Dr. Altshuler has received past funding from Sepracor (advisory board honraria, January 2010) and Eli Lilly (consultant, September 2010); and no past but potential future honoraria from Astra-Zeneca (speakers bureau), Merck and Co. (consulting) and Takeda Pharmaceuticals and Lundeck (advisory board).
Investigating brain community structure abnormalities in bipolar disorder using path length associated community estimation
Version of Record online: 25 JUN 2013
Copyright © 2013 Wiley Periodicals, Inc.
Human Brain Mapping
Volume 35, Issue 5, pages 2253–2264, May 2014
How to Cite
GadElkarim, J. J., Ajilore, O., Schonfeld, D., Zhan, L., Thompson, P. M., Feusner, J. D., Kumar, A., Altshuler, L. L. and Leow, A. D. (2014), Investigating brain community structure abnormalities in bipolar disorder using path length associated community estimation. Hum. Brain Mapp., 35: 2253–2264. doi: 10.1002/hbm.22324
- Issue online: 10 APR 2014
- Version of Record online: 25 JUN 2013
- Manuscript Accepted: 18 APR 2013
- Manuscript Revised: 11 MAR 2013
- Manuscript Received: 12 DEC 2012
- NARSAD young investigator grant (to A.D.L.)
- NIMH. Grant Number: R21 MH086104 (L.L.A.)
- community structure;
- bipolar disorder;
- hierarchical trees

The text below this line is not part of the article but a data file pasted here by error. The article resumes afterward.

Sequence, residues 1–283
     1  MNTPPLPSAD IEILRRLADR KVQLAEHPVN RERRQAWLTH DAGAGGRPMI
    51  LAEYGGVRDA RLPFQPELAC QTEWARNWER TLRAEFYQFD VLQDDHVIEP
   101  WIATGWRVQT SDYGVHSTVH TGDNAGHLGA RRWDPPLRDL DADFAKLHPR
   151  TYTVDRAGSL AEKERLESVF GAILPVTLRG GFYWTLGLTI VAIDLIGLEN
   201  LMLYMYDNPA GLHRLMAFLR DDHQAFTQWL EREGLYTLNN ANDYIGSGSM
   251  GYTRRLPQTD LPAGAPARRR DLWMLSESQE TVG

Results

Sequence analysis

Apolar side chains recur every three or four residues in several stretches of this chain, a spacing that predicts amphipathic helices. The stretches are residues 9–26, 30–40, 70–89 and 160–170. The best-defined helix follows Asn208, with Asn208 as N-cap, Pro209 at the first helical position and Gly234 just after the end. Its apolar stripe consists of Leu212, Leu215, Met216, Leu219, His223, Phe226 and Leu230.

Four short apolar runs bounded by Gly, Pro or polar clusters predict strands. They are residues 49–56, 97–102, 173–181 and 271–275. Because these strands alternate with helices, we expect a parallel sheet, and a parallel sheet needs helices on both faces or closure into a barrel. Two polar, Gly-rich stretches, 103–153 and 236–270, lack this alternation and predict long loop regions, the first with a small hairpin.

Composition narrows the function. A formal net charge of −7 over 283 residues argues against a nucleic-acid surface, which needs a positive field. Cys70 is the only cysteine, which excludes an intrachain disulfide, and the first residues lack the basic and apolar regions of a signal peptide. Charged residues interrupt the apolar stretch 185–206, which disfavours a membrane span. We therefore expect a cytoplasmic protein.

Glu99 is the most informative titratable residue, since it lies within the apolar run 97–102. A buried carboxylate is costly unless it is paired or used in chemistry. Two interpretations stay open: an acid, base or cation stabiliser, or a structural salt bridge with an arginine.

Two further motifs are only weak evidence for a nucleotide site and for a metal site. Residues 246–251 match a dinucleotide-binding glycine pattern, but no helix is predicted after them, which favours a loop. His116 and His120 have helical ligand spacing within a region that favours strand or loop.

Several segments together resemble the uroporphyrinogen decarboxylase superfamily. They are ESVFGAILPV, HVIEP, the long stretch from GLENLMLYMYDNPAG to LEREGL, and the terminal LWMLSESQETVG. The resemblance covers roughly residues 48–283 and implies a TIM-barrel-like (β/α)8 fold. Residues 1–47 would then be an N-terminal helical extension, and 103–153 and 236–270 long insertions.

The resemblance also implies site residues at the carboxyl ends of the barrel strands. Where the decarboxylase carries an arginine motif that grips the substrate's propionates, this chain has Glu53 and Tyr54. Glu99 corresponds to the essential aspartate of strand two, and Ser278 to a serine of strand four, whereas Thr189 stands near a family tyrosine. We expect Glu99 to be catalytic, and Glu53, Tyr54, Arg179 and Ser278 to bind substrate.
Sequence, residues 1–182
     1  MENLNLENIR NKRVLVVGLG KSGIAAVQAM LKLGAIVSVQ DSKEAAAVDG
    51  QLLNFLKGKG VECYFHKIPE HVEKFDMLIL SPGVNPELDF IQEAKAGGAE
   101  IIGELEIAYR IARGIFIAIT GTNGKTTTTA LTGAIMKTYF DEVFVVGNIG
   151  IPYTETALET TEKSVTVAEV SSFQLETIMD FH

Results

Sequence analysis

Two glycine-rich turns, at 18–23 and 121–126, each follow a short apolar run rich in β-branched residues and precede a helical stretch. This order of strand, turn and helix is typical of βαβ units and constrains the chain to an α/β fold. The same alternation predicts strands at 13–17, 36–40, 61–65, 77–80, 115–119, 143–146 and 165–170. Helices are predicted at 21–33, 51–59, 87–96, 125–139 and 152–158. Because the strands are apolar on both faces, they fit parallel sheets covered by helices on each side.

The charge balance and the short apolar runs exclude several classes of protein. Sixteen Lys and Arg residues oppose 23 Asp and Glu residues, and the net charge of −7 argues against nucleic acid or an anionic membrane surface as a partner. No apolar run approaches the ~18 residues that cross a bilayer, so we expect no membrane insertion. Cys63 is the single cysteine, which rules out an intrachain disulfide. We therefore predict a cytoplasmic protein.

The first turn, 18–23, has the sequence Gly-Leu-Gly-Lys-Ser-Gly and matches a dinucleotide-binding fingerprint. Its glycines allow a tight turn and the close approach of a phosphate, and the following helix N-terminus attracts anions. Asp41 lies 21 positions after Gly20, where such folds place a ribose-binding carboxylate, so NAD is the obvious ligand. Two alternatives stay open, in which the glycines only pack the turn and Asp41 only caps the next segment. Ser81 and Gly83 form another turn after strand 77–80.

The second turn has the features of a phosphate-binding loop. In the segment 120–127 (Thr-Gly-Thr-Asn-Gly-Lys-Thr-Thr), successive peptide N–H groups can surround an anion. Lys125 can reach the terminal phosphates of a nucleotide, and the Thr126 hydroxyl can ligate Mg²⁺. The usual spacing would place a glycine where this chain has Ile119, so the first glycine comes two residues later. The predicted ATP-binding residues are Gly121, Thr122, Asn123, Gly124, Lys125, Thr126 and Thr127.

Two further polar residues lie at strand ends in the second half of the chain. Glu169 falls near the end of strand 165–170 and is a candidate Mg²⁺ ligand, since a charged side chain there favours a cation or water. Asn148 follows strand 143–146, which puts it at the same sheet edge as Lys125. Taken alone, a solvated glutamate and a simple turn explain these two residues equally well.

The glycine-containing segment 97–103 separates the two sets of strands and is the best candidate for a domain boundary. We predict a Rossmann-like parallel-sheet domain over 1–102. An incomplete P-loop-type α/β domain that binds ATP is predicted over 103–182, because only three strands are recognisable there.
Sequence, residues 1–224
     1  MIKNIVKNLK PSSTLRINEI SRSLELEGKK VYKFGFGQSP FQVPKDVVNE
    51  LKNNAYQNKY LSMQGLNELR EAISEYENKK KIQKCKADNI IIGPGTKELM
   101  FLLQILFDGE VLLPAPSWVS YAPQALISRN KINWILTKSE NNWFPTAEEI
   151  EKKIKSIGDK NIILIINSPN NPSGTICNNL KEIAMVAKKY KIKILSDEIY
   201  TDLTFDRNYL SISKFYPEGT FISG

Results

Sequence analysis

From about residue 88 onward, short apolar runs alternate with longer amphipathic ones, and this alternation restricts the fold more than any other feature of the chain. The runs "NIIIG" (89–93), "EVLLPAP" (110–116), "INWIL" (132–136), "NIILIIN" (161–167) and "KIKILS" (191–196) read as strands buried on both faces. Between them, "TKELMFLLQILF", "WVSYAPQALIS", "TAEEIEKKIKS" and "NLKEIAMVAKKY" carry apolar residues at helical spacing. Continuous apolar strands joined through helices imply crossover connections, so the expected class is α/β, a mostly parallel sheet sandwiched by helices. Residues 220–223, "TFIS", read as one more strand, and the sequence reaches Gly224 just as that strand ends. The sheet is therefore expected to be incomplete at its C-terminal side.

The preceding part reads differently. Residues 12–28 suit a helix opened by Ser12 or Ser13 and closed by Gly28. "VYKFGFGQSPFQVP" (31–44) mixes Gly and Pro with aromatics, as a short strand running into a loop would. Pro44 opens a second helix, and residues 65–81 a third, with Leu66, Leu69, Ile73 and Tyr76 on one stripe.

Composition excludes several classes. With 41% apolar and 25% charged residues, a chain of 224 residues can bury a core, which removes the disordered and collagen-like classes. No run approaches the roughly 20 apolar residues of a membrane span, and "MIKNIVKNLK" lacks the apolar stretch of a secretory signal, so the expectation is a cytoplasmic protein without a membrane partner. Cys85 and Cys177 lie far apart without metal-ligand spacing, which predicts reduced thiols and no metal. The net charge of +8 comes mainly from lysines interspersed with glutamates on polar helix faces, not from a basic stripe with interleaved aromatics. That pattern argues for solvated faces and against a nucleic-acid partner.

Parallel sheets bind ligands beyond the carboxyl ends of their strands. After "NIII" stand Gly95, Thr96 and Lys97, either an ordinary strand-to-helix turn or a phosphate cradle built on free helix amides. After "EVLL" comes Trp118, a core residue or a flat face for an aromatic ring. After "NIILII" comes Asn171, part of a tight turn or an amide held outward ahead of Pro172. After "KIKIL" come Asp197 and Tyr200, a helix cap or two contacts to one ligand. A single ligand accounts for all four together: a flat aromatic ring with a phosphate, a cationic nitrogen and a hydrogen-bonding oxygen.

In this article, we present path length associated community estimation (PLACE), a comprehensive framework for studying node-level community structure. Instead of the well-known Q modularity metric, PLACE utilizes a novel metric, ΨPL, which measures the difference between intercommunity versus intracommunity path lengths. We compared community structures in human healthy brain networks generated using these two metrics and argued that ΨPL may have theoretical advantages. PLACE consists of the following: (1) extracting community structure using top-down hierarchical binary trees, where a branch at each bifurcation denotes a collection of nodes that form a community at that level, (2) constructing and assessing mean group community structure, and (3) detecting node-level changes in community between groups. We applied PLACE and investigated the structural brain networks obtained from a sample of 25 euthymic bipolar I subjects versus 25 gender- and age-matched healthy controls. Results showed community structural differences in posterior default mode network regions, with the bipolar group exhibiting left-right decoupling. Hum Brain Mapp 35:2253–2264, 2014. © 2013 Wiley Periodicals, Inc.